Xbox 360 Project Natal vs PS3 Motion Controller: The War of The Future Gaming Controllers

It’s understandable that motion console gaming through motion control sensing are the future of gaming. It’s the battle of tow promising gaming console. Today the gaming industry is buzzing with Wii which is developed by Nitendo. Microsoft wowed the world last year at E3, with a demonstration of Project Natal, a full-body motion control system for the Xbox 360. Few days after, Sony demonstrated its own next-generation motion controller for the PlayStation 3.

PS3 vs Natal

When you start to read up on the two systems, it becomes evident that they have taken what Nintendo have done with the Wii and gone a step further. It’s the latest battle in the console wars. Two heavyweights. Two technology concepts. Both underdogs to the current heavyweight champ that is Nintendo Co. Ltd. Let’s just take a look at whether Project Natal for Microsoft Corp.’s Xbox 360 or the Motion Controller for Sony Corp.’s Playstation 3 can deliver the stronger knockout punch.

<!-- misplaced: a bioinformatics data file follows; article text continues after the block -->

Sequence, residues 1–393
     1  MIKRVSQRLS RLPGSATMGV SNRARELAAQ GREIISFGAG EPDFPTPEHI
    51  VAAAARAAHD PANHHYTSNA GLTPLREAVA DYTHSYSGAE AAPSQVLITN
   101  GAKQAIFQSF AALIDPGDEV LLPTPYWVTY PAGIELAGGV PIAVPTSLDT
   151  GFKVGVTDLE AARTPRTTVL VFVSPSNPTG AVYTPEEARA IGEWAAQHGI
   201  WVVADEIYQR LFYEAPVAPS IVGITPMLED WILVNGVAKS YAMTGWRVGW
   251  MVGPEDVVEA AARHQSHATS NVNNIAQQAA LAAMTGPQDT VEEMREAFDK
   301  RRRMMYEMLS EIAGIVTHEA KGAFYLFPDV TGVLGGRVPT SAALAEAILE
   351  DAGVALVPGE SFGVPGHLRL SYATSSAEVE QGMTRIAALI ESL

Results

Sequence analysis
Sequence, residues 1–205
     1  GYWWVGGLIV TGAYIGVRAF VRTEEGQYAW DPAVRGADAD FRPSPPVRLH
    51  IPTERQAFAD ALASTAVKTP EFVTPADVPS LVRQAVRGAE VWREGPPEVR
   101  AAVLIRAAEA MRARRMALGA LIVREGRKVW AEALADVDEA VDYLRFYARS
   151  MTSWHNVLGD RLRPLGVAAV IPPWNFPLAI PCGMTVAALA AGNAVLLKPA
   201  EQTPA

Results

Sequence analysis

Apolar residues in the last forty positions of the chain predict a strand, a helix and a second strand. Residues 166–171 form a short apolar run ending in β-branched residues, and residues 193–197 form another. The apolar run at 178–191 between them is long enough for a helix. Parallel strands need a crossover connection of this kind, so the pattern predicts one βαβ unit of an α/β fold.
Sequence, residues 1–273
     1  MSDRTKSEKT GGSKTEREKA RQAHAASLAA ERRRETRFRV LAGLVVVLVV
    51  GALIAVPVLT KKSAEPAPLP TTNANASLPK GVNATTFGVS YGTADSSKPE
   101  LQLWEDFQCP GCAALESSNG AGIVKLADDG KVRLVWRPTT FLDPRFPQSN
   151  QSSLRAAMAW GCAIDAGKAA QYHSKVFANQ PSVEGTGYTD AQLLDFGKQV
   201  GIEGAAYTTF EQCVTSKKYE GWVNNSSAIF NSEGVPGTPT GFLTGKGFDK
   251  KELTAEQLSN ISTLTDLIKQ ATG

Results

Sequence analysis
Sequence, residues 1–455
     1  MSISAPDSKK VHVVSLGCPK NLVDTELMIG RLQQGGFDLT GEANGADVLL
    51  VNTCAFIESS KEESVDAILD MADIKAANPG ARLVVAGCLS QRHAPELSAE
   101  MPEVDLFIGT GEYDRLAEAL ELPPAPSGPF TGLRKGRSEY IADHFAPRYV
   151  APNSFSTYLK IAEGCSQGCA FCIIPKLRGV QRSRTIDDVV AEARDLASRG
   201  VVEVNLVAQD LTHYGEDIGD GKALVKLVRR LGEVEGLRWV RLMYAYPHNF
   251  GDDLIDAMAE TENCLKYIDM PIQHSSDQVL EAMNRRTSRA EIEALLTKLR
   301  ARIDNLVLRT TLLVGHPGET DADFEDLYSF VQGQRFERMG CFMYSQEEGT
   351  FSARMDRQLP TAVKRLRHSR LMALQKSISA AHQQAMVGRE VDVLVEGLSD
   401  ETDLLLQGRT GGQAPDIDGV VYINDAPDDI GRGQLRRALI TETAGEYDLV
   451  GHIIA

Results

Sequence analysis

With both the PS3 Motion Controller (rumoured to be called “Arc”) and the Xbox 360 Project Natal having probable release dates for Holiday 2010, it is only natural to ask which one will be better. Since that neither of these technologies are out on the market, it is only fair to ask “Which one will have more potential?”

Xbox 360 Project Natal:

The world’s largest software maker, Microsoft, promised that its highly anticipated Project Natal add-on for the Xbox 360 will ship in time for the 2010 holiday-shopping season, but it isn’t saying how much it will cost or what game titles will accompany its release.

Project Natal

When I first heard about Xbox 360’s Project Natal it seemed a little hard to believe, then after watching hands-on reviews and reading about a Natal prototype, things seemed a little more real.

Microsoft on June 1st unveiled Project Natal, an ambitious gesture-based motion control system that utilizes an advanced camera and microphone to facilitate three-dimensional motion tracking, facial recognition. Plus it recognizes voices, and totally immerses the players into the game. You can use your own gear like a skate board and such. Basically, it is better than Wii in the interactive gaming field. That is if the system works as well as the Microsoft video shows.

The technology was used to demonstrate new game experiences, including the replication of a virtual character that relayed user movement in action games, interacting with an AI character by passing real items into the virtual world, and interface options that allow users to move through menus with the wave of a hand.